What I Learned Last Week: How to Translate a UI Design into iOS UIKit Elements — Part 1 of 2
One of the most daunting aspects of iOS app development is trying to understand which UIKit elements to use when implementing a design concept. In this article, I describe the process I use to make implementation decisions based on a concept design from a recent project.
The choices made by the designer usually have a direct impact on the complexity of the Swift code for your iOS app. You certainly don’t want to create even more complex code by choosing less optimal UIKit elements to implement the intended design. One of the best skills you can develop as an iOS developer is learning how to see a concept design as an arrangement of UIKit elements. This approach is very similar to how artists learn to sketch. They learn to create basic geometric shapes such as straight lines, curved lines, circles, cylinders, etc. and then they learn how to combine those basic geometric shapes to create the beautiful sketches we all admire. The key is being able to look at a scene and dissect it into those basic shapes, so they have a starting point. As iOS developers, we can apply the same approach.
One of the best skills you can develop as an iOS developer is learning how to see a concept design as an arrangement of UIKit elements.
In Part 1, I’m going to focus on the significant constructs of breaking a design down and matching its elements to UIKit elements. Next week, in Part 2, I’m going to focus on the UICollectionViewCell and UITableViewCell elements since they are relatively complex in this example design. In this article, I treat them as whole elements and not break them down into their UIKit elements. You’ll have to read Part 2 to get those details.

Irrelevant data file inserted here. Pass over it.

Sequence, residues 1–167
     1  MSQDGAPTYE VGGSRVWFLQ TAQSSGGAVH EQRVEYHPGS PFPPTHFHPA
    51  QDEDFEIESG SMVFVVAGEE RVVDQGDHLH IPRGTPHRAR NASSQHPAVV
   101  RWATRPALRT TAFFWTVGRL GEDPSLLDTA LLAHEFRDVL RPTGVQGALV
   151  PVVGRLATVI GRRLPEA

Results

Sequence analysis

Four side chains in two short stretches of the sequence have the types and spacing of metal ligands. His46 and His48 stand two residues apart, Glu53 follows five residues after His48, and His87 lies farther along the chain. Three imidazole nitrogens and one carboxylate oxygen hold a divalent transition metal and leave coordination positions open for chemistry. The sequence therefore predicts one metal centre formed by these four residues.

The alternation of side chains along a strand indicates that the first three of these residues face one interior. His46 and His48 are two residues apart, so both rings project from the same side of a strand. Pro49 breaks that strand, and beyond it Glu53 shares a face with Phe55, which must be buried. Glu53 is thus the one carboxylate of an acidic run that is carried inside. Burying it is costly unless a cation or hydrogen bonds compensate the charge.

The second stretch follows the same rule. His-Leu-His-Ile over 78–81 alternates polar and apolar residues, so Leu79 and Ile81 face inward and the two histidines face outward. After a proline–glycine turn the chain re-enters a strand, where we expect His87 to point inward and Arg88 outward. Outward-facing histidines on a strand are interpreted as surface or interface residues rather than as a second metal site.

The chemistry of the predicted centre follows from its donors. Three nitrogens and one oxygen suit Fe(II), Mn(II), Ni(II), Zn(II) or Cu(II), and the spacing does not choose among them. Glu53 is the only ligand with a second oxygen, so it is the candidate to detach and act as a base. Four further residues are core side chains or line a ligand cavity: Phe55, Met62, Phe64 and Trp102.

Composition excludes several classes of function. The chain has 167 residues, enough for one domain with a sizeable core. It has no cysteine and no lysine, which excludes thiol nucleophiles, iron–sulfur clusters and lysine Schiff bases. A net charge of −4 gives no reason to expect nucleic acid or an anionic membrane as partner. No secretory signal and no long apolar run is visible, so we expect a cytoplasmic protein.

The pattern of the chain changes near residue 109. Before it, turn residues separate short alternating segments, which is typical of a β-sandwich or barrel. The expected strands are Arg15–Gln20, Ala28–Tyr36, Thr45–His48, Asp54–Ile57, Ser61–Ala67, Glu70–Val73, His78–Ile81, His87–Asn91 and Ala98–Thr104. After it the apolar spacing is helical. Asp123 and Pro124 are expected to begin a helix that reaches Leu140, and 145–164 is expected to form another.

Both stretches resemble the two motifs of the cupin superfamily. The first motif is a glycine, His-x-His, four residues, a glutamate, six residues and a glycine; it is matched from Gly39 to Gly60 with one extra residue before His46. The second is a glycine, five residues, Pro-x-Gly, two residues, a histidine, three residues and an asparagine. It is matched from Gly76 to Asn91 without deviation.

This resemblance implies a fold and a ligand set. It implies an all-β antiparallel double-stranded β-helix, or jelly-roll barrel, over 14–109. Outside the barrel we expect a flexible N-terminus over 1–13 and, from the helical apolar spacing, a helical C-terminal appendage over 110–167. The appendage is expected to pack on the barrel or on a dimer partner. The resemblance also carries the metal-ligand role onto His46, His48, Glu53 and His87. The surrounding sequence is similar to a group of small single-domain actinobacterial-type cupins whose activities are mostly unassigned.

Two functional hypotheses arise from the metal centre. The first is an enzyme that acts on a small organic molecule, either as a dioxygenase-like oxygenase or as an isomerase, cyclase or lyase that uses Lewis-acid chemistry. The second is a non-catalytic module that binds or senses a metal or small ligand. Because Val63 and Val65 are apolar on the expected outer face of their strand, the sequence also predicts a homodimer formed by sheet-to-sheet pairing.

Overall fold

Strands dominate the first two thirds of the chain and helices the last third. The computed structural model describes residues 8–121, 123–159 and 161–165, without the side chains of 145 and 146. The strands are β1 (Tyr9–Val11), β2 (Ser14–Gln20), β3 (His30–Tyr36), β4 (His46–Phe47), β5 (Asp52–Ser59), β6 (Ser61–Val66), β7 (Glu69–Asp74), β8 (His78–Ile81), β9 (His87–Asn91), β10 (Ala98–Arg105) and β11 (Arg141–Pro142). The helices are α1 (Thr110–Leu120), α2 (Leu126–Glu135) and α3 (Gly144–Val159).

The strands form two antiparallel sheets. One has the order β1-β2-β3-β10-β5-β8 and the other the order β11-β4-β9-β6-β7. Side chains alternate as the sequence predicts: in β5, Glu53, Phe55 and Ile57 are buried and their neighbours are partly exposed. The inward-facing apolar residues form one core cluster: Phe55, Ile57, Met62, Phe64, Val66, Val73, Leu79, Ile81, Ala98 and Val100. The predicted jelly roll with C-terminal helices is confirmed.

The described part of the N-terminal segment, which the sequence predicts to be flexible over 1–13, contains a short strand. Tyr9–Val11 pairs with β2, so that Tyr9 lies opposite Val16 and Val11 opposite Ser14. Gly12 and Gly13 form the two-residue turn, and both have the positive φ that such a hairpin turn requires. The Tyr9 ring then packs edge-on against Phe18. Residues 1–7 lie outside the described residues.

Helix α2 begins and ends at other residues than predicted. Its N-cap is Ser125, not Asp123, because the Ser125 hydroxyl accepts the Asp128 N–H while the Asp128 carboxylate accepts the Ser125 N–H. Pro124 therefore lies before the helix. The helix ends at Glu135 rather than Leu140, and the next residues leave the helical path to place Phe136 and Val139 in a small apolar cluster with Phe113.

In the meantime, let’s get started.
Overall App Flow and Structure
The concept design suggests two approaches for presenting content and interacting with the user.
The first navigation type is mode-specific, which calls for a UITabBarController. The various views/modes are Home, Favorites, Home Location, Shopping Cart, and Account views. Each of these tabs would have a separate view controller to present specific content to the user and respond to user interactions based on the mode. For example, for the Account mode, it would most likely have details like username, email address, password change, etc., but the specifics are beyond the scope of this particular design concept.
The design concept also points to the use of a UINavigationController. How did I know that? There is a “back” button in the righthand screen, which is a dead giveaway for this type of control. It allows a user to progress through a predefined set of screens in a logical process (e.g., discover shoes and add them to the cart → show the cart → confirm/submit order → display order information).
Now that we have a basic idea of the “flow” for the app, we can begin to define further the UIKit elements contained within the design by looking for significant elements like tables and collections.